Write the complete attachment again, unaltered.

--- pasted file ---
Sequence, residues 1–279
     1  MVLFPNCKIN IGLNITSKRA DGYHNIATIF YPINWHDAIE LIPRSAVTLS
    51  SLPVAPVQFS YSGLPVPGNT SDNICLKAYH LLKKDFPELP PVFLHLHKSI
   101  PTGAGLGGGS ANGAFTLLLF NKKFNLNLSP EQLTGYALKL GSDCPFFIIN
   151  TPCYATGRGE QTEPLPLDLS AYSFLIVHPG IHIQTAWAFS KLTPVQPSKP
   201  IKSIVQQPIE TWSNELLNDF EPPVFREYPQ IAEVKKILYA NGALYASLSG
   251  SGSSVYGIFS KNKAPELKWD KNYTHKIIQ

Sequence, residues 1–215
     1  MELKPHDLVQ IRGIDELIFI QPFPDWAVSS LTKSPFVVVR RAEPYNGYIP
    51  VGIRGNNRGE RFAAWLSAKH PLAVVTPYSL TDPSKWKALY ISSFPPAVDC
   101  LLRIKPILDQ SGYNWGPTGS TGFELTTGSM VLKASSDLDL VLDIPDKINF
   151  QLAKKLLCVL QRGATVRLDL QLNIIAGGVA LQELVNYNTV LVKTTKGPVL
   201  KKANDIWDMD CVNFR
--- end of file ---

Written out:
Sequence, residues 1–279
     1  MVLFPNCKIN IGLNITSKRA DGYHNIATIF YPINWHDAIE LIPRSAVTLS
    51  SLPVAPVQFS YSGLPVPGNT SDNICLKAYH LLKKDFPELP PVFLHLHKSI
   101  PTGAGLGGGS ANGAFTLLLF NKKFNLNLSP EQLTGYALKL GSDCPFFIIN
   151  TPCYATGRGE QTEPLPLDLS AYSFLIVHPG IHIQTAWAFS KLTPVQPSKP
   201  IKSIVQQPIE TWSNELLNDF EPPVFREYPQ IAEVKKILYA NGALYASLSG
   251  SGSSVYGIFS KNKAPELKWD KNYTHKIIQ

Sequence, residues 1–215
     1  MELKPHDLVQ IRGIDELIFI QPFPDWAVSS LTKSPFVVVR RAEPYNGYIP
    51  VGIRGNNRGE RFAAWLSAKH PLAVVTPYSL TDPSKWKALY ISSFPPAVDC
   101  LLRIKPILDQ SGYNWGPTGS TGFELTTGSM VLKASSDLDL VLDIPDKINF
   151  QLAKKLLCVL QRGATVRLDL QLNIIAGGVA LQELVNYNTV LVKTTKGPVL
   201  KKANDIWDMD CVNFR